Anonymous
Unregistered


Well for all of you who want to know the truth, The ninja were hired assassins. They were usually hired by either the local Yakuza or neighboring councilmen (samurai)(daimyo)to knock off and enemy near by. To answer the question of who is a better swordsmen, well who practices harder in the art? There were many art styles that were used in the past. Like, muso shin den ryu jukiden ryu, Shinshin muso ryu, yagyu ( very famous style by the way) and so many more. Each individual develops there own techniques when taught the fundamentals of budo. Keep in mind the term Sayano-Uchi which is defined....

Sayano-uchi is another name for Iai. A sword should never be drawn easily. The mystery of Iai is that defeat an enemy before drawing your sword. Donít put someone to the sword and do not be put to someoneís sword. Just drives out any evil thought of self-interest keeping self control. The best time to draw your sword is that after defeating an enemy....

It is basically about one's character and skill. whether is be a ninja, ronin, Samurai, or a paranoid schizophrenic. Whoever has the strongest character will always win. Keep the zanshin strong. For those of you who don't understand the terminology, you may want to consider taking up bowling instead.

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#114740 - 02/25/05 08:59 AM Re: Better Swordsmen? The Ninja or Samurai?
Charles Mahan Offline
Professional Poster

Registered: 06/14/04
Posts: 2502
Loc: Denton, Tx, USA
[QUOTE]Originally posted by haibara_iaido:
Well for all of you who want to know the truth, The ninja were hired assassins. They were usually hired by either the local Yakuza or neighboring councilmen (samurai)(daimyo)to knock off and enemy near by.

[/QUOTE]

Don't believe everything you read online, and only half of what you read in books. And practically nothing about ninja. Far too much misinformation in all sources.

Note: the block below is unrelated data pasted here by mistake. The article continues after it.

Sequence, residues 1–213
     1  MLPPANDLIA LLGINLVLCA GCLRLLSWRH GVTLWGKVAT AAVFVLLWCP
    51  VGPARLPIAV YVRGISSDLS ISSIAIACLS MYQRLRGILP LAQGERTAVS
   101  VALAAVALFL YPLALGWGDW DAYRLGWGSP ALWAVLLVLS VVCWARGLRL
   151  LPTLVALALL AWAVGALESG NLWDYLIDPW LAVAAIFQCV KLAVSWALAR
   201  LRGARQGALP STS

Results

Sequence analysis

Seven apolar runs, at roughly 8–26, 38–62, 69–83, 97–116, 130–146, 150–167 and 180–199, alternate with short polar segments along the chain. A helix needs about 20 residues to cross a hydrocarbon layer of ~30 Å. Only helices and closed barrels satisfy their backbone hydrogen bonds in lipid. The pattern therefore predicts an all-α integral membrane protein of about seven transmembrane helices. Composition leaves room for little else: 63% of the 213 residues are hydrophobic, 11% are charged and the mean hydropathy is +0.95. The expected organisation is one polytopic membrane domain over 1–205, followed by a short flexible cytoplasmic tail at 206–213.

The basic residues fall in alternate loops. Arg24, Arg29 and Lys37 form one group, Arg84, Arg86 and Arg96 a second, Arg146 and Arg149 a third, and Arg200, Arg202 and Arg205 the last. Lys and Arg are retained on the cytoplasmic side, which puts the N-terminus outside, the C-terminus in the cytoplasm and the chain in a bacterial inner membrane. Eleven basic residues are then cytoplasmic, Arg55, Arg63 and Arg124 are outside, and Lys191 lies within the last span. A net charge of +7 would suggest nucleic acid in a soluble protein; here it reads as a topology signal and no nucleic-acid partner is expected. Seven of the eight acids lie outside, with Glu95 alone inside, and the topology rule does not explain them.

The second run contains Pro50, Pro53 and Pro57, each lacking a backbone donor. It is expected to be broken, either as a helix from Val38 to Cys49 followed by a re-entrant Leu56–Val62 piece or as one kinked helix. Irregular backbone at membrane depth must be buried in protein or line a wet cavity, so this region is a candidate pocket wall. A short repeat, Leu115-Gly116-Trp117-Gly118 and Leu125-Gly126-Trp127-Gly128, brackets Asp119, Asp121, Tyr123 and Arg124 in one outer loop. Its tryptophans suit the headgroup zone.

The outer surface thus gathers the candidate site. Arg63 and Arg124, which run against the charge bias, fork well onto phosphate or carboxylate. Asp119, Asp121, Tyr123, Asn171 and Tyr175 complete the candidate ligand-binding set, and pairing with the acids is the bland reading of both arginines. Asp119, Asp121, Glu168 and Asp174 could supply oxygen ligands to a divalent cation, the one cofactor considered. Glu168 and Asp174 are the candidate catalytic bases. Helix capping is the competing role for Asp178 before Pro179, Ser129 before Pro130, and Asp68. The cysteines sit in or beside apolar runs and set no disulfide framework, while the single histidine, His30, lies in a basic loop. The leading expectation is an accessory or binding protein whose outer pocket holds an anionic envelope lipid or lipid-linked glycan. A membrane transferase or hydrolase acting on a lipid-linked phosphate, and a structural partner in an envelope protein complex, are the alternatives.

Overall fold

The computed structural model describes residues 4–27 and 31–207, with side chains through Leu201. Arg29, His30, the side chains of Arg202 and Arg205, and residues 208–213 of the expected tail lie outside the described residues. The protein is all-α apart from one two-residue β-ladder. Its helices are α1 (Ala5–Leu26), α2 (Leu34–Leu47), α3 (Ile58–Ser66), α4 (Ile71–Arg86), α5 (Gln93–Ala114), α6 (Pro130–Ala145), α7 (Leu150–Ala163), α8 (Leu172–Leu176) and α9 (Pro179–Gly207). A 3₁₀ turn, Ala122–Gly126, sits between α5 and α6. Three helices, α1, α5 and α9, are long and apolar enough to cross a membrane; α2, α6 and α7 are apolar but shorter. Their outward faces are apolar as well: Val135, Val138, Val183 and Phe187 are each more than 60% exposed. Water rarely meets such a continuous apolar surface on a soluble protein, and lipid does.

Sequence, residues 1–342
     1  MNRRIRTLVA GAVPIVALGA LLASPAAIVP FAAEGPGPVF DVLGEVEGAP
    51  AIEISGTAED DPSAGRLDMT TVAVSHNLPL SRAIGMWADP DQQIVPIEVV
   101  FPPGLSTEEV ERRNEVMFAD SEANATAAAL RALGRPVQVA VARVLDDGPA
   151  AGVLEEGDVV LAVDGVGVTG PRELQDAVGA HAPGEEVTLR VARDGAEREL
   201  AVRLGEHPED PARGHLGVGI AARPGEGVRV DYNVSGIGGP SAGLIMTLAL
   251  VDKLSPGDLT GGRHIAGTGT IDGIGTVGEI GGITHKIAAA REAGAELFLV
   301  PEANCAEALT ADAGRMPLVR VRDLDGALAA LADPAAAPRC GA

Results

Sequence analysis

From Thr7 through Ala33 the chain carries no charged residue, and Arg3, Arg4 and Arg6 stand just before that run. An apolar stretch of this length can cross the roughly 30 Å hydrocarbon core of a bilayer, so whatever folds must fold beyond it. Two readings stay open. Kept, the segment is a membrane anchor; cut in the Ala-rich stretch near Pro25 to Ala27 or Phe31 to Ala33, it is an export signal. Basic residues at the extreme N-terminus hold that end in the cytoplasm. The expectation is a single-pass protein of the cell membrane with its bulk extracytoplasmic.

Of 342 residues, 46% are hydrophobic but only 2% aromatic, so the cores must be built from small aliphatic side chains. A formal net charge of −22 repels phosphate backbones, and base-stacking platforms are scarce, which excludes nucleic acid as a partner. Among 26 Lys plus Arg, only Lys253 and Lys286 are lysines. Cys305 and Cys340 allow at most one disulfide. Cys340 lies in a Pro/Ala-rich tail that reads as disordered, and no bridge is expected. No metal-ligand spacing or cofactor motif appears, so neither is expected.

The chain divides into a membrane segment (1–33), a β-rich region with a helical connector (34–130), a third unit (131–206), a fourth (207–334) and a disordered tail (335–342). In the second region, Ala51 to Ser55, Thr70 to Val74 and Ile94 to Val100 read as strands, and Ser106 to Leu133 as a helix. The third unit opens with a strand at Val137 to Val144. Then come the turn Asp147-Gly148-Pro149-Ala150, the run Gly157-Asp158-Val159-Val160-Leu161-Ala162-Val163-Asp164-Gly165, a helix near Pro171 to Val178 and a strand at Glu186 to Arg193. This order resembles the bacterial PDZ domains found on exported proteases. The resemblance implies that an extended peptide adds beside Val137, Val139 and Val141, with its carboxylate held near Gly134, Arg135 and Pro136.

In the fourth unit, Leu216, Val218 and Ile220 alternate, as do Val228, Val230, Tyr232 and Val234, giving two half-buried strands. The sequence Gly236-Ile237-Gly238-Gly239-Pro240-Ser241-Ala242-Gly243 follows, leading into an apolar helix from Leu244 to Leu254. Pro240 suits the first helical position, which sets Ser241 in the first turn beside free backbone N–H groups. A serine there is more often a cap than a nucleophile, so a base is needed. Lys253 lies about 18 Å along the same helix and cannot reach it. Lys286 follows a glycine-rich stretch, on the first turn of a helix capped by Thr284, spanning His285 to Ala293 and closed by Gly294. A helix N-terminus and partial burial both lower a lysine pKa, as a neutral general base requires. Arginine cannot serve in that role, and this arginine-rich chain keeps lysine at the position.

[QUOTE]

To answer the question of who is a better swordsmen, well who practices harder in the art? There were many art styles that were used in the past. Like, muso shin den ryu jukiden ryu, Shinshin muso ryu, yagyu ( very famous style by the way) and so many more.
[/QUOTE]

Not sure what jukiden Ryu is supposed to be. Not a style name I recognize.

[QUOTE]
Keep in mind the term Sayano-Uchi which is defined....

Sayano-uchi is another name for Iai. A sword should never be drawn easily. The mystery of Iai is that defeat an enemy before drawing your sword. Donít put someone to the sword and do not be put to someoneís sword. Just drives out any evil thought of self-interest keeping self control. The best time to draw your sword is that after defeating an enemy....
[/QUOTE]

Well... not exactly. Saya no Uchi is a key concept in iai, but it is not another word for iai. Saya no Uchi is one of those terms that has a hundred different interpretations. A direct translation is "inside the saya". One intepretation is that if you develop your skill and presence to a sufficiently high enough degree, an encounter with a potential opponent becomes unlikely. Your phsyical presence and reputation are sufficient to intimidate your oponent into backing down. A philisophical take on the same idea would say that the best encounter is one where the sword is never drawn. A less idealistic interpretation is that you dominate your opponent through means of superior presence and force of will, and once his will to fight is broken, you strike him down. A practical and technical interpretation is that the initial cut begins while the tip of the sword is literally still inside the saya.

There are a variety of other interpretations as well.

[This message has been edited by Charles Mahan (edited 02-25-2005).]